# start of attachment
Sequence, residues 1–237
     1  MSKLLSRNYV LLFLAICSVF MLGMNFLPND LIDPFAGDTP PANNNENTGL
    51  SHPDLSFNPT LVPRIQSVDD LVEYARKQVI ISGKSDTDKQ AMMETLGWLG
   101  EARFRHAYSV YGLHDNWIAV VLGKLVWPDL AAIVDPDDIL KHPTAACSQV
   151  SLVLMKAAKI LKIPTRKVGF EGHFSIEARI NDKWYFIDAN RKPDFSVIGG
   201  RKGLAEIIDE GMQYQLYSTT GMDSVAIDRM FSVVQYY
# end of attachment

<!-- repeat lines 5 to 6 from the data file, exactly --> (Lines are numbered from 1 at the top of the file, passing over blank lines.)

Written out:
   151  SLVLMKAAKI LKIPTRKVGF EGHFSIEARI NDKWYFIDAN RKPDFSVIGG
   201  RKGLAEIIDE GMQYQLYSTT GMDSVAIDRM FSVVQYY